MINERALS INDEX

Actinolite

Albite

Allactite

Allanite

Amphibole Group

Andradite

Anglesite

Anhydrite

Anorthite

Apatite

ApatiteGroup

Apophyllite

Aragonite

Arsenates

Arsenides

Arseniosiderite

Arsenopyrite

Aurichalcite

Axinite

Azurite

Barite

Barylite

Barysilite

Bementite

Biotite

Borates

Bornite

Boroarsenates

Bustamite

Cahnite

Calamine

Calcite

Calcium larsenite

Carbonates

Celestite

Cerusite

Chalcocite

Chalcophanite

Chalcopyrite

Chloanthite

Chlorite

Chlorophoenicite

Chondrodite

Chysolite Group

Clinohedrite

Copper

Corundum

Corundum Group

Crocidolite

Cummingtonite

Cuprite

Cuspidine

Cyprine

Datolite

Desaulesite

Descloizite

Diopside

Dolomite

Edenite

Epidote

EpidoteGroup

FeldsparGroup

Ferroaxinite

Ferroschallerite

Fluoborite

Fluorite

Franklinite

Friedelite

Friedelite Group

Gageite

Gahnite

Galena

Ganophyllite

Garnet

Glaucochroite

Goethite

Graphite

Greenockite

Gypsum

Halloysite

Haloids

Hancockite

Hardystonite

Hastingsite

Hedyphane

Hematite

Hetaerolite

Heulandite

Hodgkinsonite

Holdenite

Humite Group

Hyalophane

Hydrohetaerolite

Hydrozincite

Ilmenite

Jeffersonite

Kentrolite

Larsenite

Lead

Leucaugite

Leucophoenicite

Limonite

Lollingite

Loseyite

Magnesium- chlorophoenicite

Magnetite

Malachite

Manganbrucite

Manganite

Manganosite

Marcasite

Margarosanite

Mcgovernite

Mica Group

Microcline

Millerite

Molybdenite

Mooreite

Muscovite

Nasonite

Native Elements

Neotocite

Niccolite

Norbergite

Oxides

Pargasite

Pectolite

Phlogopite

Phosphates, Arsenates and Vanadates

Prehnite

Psilomelane

Pyrite

Pyrochroite

Pyroxene Group

Pyrrhotite

Quartz

Rhodochrosite

Rhodonite

Roeblingite

Roepperite

Rutile

Scapolite

Schallerite

Schefferite

Serpentine

Serpentine Group

Siderite

Silicates

Silver

Smithsonite

Sphalerite

Spinel

Spinel Group

Stilbite

Sulphates

Sulphides and Arsenides

Sussexite

Svabite

Talc

Tennantite

Tephroite

Thomsonite

Thorite

Titanite

Tourmaline

Tremolite and Actinolite

Unconfirmed Species

Vanadates

Vesuvianite

Willemite

Xonotlite

Zeolites

Zinc schefferite

Zincite

Zircon

Zoisite

 

Hardystonite

Ca2ZnSi2O7
Tetragonal

Physical properties
Hardystonite is found in granular masses and in isolated grains in limestone, and crystals are not known. The cleavage is good parallel to the base and poor parallel to both prisms, and cleavage fragments may thus have a prismatic or even a cubic appearance. The hardness is 3 to 4, and the specific gravity is 3.39. The mineral is white to faintly pinkish, semitransparent, and has a vitreous luster. Under the iron-are spark gap it fluoresces a dull, faint violet or not at all. It is optically negative; the refractive indices are, for sodium light, w =1.6691 and e = 1.6568; for lithium light, w = 1.6758 and e = 1.6647, both 0.0002.

Composition
Hardystonite is a calcium zinc silicate allied to the tetragonal lead silicate ganomalite. It may contain small amounts of magnesium and manganese in place of part of the calcium and zinc, respectively.

Analyses of hardystonite
 

1

2

3

4

SiO2

38.10

37.78

36.59

38.30

Al2O3  

0.91

0.77

 
Fe2O3

0.57

0.43

   
FeO    

0.42

 
ZnO

24.30

25.38

22.47

25.94

MnO

1.50

1.26

1.23

 
CaO

33.85

34.22

35.16

35.76

MgO

1.62

0.26

1.47

 
K2O  

0.78

   
Na2O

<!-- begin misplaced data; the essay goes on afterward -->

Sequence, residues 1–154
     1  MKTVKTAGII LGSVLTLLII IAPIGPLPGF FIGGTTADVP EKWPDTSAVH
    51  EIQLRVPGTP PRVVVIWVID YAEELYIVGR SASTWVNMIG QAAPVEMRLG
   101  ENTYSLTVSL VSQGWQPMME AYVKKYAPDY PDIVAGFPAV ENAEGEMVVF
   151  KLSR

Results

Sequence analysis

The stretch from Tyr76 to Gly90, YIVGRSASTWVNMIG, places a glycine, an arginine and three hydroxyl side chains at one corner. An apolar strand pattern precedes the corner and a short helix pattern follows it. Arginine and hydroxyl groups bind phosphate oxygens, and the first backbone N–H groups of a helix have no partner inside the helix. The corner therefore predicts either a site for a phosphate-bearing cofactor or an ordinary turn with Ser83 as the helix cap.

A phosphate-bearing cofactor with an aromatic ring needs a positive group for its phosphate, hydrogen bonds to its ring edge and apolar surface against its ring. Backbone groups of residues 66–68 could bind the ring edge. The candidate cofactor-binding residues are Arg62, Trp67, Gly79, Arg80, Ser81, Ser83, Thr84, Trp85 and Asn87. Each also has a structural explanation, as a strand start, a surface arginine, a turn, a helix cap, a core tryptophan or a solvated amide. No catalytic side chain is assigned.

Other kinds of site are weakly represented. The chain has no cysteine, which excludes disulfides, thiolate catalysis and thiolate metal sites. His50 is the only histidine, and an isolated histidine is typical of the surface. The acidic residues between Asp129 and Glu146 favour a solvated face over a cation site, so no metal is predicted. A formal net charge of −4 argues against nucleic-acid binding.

1.10

   
PbO    

1.99 a

 
Ignition

0.52

0.34

   
 

100.46

100.46

100.00

100.00

a Jenkins and Bauer state: "we have found from 0.66 to 3.55 percent of lead oxide in all the hardystonite analyzed."
1. Grains separated from massive granular ore by heavy solution. J. E. Wolff (185), analyst.
2. Coarse columnar masses. J. E. Wolff (185), analyst. (Minute inclusions seen in thin section may account for the large amount of alkalis found.)
3. Hardystonite, specific gravity 3.443. Jenkins and Bauer (243), analysts.
4. Composition computed from the formula.

The ratios, shown in the analyses, of ZnO to CaO to SiO2, are close to 2 : 1 : 2, leading to the formula Ca2ZnSi2O7. The lead is probably present in a calcium larsenite molecule.

Occurrence
Hardystonite was discovered and described by Wolff (185), and little has been added to his observations. It was first found in the Parker shaft at a depth of about 900 feet, in granular mixture with willemite, rhodonite, and franklinite. Later it was found in considerable abundance in several parts of the ore bodies worked through the Parker shaft, but it has not yet been identified from any other part of the deposit at Franklin. Masses of several pounds weight and of coarse columnar texture, free from any other mineral, have been found. It has also been seen associated with brown vesuvianite, with complex crystals of brown apatite, and intimately intermixed with franklinite and bright-green. willemite. It appears to have been formed under the influence, of the pneumatolytic conditions prevalent somewhere in that part of the mine, which developed such a, peculiar assemblage of minerals as is scarcely known elsewhere.

The presence of lead, shown by Jenkins and Bauer to exist in all hardystonite, is of economic importance, as it is injurious to the quality of the zinc produced from the ore. Hence the presence of all minerals contain lead is carefully checked in the assay office at the mines.

The composition of hardystonite is closely analog to that of melilite, and X-ray examination shows that the unit cell, space group, and atomic arrangement the same in the two minerals, which differ only in that hardystonite contains zinc in the place of magnesium-aluminum.

 


 
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This page created: January 12, 2001 6:22 PM